Data from: Drought legacies are dependent on water table depth, wood anatomy, and drought timing across the eastern U.S.
Kannenberg, Steven A. et al. (2018), Data from: Drought legacies are dependent on water table depth, wood anatomy, and drought timing across the eastern U.S., Dryad, Dataset, https://doi.org/10.5061/dryad.4272kh0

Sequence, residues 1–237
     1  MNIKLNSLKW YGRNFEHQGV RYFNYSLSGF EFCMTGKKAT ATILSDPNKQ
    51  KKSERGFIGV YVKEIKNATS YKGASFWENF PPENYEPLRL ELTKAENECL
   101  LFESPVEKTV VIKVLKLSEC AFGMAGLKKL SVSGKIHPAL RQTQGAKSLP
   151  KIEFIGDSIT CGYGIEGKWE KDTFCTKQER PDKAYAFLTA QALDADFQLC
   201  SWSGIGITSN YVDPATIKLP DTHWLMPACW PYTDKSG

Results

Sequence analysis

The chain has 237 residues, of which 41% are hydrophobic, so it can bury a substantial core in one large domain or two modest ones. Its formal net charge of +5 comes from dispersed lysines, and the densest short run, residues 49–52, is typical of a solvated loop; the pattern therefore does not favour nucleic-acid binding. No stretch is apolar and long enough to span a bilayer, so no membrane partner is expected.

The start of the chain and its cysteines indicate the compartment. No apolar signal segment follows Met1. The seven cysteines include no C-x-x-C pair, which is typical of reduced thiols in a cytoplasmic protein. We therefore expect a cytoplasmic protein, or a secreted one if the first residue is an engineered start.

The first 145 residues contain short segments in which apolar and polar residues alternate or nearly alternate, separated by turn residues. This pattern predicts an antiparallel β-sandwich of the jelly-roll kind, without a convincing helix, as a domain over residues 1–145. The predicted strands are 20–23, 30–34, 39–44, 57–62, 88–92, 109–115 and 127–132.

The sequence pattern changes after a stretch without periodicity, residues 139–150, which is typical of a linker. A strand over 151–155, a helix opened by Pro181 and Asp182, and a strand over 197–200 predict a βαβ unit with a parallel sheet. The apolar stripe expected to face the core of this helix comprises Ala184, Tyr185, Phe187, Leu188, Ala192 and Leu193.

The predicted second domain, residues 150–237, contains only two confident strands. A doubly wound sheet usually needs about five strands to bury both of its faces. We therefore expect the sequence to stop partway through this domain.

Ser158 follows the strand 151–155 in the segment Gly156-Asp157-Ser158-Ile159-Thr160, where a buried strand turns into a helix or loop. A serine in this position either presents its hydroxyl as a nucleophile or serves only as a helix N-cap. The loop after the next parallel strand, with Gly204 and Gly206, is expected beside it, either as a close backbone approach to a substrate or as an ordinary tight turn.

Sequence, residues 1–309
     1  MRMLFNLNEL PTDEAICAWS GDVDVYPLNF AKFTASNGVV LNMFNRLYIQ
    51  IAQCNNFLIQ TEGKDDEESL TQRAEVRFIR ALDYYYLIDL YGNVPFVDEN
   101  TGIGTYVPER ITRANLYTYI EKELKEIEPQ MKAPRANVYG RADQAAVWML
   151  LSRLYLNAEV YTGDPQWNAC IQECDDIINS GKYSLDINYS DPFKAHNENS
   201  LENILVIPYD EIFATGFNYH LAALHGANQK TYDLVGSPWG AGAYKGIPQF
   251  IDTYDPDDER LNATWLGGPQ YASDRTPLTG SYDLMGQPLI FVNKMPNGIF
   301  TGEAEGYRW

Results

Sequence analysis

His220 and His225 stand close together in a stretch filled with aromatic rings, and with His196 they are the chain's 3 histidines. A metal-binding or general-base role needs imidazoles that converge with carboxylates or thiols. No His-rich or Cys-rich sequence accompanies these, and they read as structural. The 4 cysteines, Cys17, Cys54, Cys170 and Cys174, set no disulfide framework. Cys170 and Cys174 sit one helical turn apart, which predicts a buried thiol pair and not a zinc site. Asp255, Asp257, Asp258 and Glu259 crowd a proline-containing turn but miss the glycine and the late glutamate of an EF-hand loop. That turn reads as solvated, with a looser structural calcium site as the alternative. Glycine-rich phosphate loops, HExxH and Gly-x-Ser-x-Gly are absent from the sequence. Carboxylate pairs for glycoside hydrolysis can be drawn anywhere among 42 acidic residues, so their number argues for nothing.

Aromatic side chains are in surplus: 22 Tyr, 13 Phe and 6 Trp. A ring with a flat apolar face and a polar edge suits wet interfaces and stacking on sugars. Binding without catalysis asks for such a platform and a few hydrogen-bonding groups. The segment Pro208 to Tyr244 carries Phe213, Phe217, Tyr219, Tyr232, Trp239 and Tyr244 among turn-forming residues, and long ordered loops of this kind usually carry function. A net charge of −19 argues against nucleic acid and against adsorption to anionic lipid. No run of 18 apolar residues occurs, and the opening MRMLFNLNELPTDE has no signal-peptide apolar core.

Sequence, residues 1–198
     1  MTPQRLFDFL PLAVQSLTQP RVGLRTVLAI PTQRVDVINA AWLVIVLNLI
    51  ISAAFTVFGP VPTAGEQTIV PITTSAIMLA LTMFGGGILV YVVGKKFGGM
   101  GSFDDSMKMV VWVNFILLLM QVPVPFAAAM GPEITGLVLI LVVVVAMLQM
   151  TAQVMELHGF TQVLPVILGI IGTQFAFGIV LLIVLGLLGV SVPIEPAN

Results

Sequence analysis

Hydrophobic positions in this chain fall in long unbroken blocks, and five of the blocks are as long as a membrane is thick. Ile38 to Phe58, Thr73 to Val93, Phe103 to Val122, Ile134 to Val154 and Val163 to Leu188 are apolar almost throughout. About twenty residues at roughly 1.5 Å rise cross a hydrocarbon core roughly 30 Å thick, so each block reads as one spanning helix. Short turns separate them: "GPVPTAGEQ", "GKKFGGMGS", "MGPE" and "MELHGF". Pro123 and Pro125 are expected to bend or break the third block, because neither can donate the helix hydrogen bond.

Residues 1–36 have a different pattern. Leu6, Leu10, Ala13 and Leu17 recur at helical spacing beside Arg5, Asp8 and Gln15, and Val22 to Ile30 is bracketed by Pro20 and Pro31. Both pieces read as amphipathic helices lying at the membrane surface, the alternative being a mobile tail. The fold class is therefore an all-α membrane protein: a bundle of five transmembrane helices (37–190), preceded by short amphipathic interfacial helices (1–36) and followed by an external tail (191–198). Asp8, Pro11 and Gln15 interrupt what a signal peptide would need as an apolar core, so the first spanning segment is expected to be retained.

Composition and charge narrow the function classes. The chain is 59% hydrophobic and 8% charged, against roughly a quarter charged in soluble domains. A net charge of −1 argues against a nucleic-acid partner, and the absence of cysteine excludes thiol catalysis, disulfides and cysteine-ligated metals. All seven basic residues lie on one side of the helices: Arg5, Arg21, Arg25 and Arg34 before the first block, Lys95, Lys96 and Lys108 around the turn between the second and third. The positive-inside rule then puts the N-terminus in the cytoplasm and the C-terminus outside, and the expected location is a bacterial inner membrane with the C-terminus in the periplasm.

Severe droughts can impart long-lasting legacies on forest ecosystems through lagged effects that hinder tree recovery and suppress whole-forest carbon uptake. However, the local climatic and edaphic factors that interact to affect drought legacies in temperate forests remain unknown. Here, we pair a dataset of 143 tree ring chronologies across the mesic forests of the eastern U.S. with historical climate and local soil properties. We found legacy effects to be widespread, the magnitude of which increased markedly in diffuse porous species, sites with deep water tables, and in response to late-season droughts (August – September). Using an ensemble of downscaled climate projections, we additionally show that our sites are projected to drastically increase in water deficit and drought frequency by the end of the century, potentially increasing the size of legacy effects by up to 65% and acting as a significant process shaping forest composition, carbon uptake, and mortality.